Measures to contain the spread of coronavirus are still shifting by the day — and so are responses by investors, developers, general contractors, architects, builders, banks, and buyers. To track the impact in real-time, The Miami Herald sat down with our client, Patrick Lee, founder, and president of Wynwood-based Shorecrest Construction, as part of its RE|on-the-ground source Miami interview series.
Miami Herald: How is the coronavirus crisis impacting your business? Have you had layoffs? Slowdowns on existing jobs?
Patrick: At this time, the state and most municipalities are considering construction an essential business, so most of our projects are continuing to progress. We haven’t had layoffs and are hopeful that won’t be necessary. Production is absolutely affected due to new coordination challenges and the uncertainty in the world, but we are grateful to keep people employed and busy. That said, we are trying to balance this with keeping everyone safe, which is challenging.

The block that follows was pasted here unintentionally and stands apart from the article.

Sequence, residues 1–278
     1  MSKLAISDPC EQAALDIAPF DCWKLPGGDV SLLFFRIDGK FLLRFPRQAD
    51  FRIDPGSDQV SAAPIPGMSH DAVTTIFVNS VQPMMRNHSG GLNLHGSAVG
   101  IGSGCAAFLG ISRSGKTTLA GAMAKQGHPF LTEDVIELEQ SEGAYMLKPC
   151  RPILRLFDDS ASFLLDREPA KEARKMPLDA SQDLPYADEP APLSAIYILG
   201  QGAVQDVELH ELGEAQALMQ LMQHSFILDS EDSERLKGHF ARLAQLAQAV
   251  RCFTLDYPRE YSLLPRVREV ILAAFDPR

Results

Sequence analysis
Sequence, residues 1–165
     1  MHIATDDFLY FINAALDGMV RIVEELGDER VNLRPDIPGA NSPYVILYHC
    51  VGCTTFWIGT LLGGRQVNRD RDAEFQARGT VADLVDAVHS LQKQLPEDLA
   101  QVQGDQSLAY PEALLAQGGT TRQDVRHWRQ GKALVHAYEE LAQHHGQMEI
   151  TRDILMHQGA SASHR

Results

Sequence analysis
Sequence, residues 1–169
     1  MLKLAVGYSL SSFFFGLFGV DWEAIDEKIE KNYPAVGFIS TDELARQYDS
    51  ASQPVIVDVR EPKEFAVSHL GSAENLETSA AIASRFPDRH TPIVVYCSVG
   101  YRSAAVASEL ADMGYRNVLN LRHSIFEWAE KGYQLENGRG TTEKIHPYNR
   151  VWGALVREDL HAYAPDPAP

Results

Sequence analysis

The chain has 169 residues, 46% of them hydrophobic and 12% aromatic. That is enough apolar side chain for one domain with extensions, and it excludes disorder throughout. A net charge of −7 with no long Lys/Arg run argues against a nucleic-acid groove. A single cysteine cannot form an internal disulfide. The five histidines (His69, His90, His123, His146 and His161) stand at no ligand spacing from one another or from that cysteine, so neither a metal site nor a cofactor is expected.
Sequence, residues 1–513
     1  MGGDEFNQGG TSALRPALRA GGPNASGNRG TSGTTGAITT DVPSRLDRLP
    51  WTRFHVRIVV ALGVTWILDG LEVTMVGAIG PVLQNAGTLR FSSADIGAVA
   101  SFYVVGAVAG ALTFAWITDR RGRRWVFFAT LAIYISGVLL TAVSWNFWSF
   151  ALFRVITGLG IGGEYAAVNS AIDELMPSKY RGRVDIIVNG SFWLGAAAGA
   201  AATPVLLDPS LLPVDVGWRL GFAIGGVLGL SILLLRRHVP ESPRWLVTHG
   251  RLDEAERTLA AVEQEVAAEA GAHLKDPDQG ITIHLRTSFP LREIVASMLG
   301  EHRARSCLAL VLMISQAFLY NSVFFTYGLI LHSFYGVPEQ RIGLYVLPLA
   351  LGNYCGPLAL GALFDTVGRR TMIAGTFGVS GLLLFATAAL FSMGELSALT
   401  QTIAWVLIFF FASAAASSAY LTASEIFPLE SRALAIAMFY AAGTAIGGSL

Miami Herald: Several local cities just shut down construction sites. What impact do you think that will have on your business and on real estate as a whole?
Patrick: So far it hasn’t negatively affected us, but if it becomes more comprehensive it will. Our business and the real estate market as a whole are tied to the economy. Any additional large-scale negative impacts to the economy will affect real estate and the construction industry.
I’m hopeful that the US can contain the virus, get a comprehensive testing program, and eventually a vaccine. Once that is done, we would hope to get back to work at full capacity.
Miami Herald: You have a residential portfolio as well as commercial one. How are the safety challenges different on the two types of job sites?
Patrick: We implemented job-site policies to try our best to prevent the spread of the coronavirus including required hand-washing, masks, social distancing, and checking people’s temperatures. We have to maintain a healthy environment. Our residential, single-family home projects are easier to manage because the tradesman can separate and maneuver more independently, whereas the commercial projects have areas where the workers funnel, like access points, elevators, etc.
To read the full interview, visit miamiherald.com.